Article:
Pros And Cons Of Buying A Flat In A Building Without A Registered Housing Society
July 24, 2012 2 Comments
There are many flats available in buildings where the developer has not yet handed over the building to the flat owners despite its completion many years ago. These flats are often in mint condition and available at a discount.Bank loans for such flats is also a possibility.So it is always tempting to buy one of these.But do proceed with caution.
First find out why the builder has not transferred the possession legally to the registered housing society.There could be various reasons for this, the simplest being that no registered housing society has been formed yet.In such a case it is a fairly simple case of buying the flat and taking the initiative to form a housing society and registering it.
However,often the situation is not so straightforward.The developer may not have received the occupancy certificate (OC) from the civic authorities. He has to take permission for 40-45 things from 30 departments and this takes time.But don’t take the developer’s or seller’s word for this. It is also possible that the developer is not getting the OC because he has indulged in illegal construction or not met municipal or other norms.To ensure that this is not the case, due diligence on the part of the buyer is crucial.
Sometimes a the developer might not want to hand over the possession to buyers till he sells his entire inventory.This is because he wants to discourage secondary market sales,especially by early investors who wish to exit.Every builder would like to sell each of his flats at the highest possible price.In other cases,the builder might not yet have used up the authorized floor space index and might be unwilling to hand over possession till he has done so.Or he might be anticipating a rise in FSI and holding out till he can acquire and use it.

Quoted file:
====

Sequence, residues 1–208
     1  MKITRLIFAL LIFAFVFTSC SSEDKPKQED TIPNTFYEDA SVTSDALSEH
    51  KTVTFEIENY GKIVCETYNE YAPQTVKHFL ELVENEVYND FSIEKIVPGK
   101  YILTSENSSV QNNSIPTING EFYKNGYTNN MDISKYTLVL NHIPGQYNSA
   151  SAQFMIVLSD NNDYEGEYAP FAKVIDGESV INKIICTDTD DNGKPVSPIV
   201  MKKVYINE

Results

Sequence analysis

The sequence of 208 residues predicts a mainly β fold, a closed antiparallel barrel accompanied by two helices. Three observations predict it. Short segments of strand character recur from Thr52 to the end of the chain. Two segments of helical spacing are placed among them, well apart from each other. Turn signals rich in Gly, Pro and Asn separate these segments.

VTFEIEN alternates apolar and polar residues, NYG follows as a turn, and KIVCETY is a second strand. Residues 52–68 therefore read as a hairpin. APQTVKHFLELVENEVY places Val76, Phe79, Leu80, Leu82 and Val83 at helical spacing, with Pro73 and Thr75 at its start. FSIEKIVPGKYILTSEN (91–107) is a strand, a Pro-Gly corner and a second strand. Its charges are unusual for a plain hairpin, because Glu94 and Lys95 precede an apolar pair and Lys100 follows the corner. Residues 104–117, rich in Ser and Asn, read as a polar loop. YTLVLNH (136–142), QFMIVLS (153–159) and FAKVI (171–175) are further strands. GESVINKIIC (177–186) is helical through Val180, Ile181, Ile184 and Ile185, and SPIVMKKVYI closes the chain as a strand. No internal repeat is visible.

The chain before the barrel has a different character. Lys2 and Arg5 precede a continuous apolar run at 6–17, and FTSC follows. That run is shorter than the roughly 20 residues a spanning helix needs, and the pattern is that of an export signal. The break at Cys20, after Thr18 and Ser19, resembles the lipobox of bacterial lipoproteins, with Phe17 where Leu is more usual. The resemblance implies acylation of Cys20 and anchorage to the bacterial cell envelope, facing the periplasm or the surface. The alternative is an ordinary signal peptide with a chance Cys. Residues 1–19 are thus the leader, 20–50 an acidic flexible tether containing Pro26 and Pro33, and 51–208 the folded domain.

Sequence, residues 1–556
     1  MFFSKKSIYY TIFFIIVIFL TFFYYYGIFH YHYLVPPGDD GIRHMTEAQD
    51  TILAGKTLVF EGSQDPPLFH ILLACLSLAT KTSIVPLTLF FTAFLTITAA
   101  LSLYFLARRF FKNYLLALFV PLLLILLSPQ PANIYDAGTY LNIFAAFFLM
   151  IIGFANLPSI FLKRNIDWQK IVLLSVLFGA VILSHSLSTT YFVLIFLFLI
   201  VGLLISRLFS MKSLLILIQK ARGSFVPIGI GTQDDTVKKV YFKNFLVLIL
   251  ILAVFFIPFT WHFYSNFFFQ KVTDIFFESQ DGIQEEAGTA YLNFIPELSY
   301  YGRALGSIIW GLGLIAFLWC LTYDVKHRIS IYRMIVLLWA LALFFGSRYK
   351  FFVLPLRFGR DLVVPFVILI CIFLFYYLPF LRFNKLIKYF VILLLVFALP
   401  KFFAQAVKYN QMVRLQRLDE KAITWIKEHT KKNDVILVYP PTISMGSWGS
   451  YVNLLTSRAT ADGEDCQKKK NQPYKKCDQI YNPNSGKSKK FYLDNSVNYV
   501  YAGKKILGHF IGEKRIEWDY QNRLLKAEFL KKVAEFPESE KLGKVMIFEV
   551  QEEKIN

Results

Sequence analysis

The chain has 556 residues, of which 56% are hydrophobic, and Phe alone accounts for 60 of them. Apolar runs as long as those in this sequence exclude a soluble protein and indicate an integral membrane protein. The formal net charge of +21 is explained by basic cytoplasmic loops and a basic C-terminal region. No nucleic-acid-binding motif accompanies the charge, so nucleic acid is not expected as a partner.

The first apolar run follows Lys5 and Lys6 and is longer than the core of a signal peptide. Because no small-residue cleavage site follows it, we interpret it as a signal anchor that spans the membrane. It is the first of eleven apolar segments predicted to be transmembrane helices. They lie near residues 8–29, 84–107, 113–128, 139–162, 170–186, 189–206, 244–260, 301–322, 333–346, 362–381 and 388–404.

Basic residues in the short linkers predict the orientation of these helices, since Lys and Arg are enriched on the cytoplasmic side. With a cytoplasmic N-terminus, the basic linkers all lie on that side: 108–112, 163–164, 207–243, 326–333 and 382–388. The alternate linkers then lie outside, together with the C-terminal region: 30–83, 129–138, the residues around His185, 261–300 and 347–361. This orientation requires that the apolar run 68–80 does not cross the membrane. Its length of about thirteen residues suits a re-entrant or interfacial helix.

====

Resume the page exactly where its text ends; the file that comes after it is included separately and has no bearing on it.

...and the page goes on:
When a housing society exists, you can typically source the information about a property from its members.A buyer can find out if the house is mortgaged or has outstanding dues by contacting the housing society. However, in its absence, one has to rely entirely on the word of the developer and/or the seller.So the first thing to do is to have a good lawyer do due diligence.Then talk to some real-estate agents/brokers to find out about the builder and whether he might have any interest in delaying the handing over of the building to the flat owners.In this way you will get some idea about how long you might have to wait before things are sorted out.Obviously the due diligence is going to cost you.
Then understand that in a registered housing society, the members are in control of all the expenses of their property. When the property has not been handed over, the developer controls the maintenance expenses and the members have to make a lump-sum payment in advance to the developer. There will be no monthly break-up of maintenance charges as offered in housing societies.Often, the developer doesn’t spend this money on promised welfare activities or provide common services to the satisfaction of the flat owners, but there is little that the owners can do.Often builders keep the tax bills pending.So make inquiries about what municipal ,electricity and maintenance dues might be owed by or to the developer.And figure that in the estimated expenses while a housing society is in the process of being registered.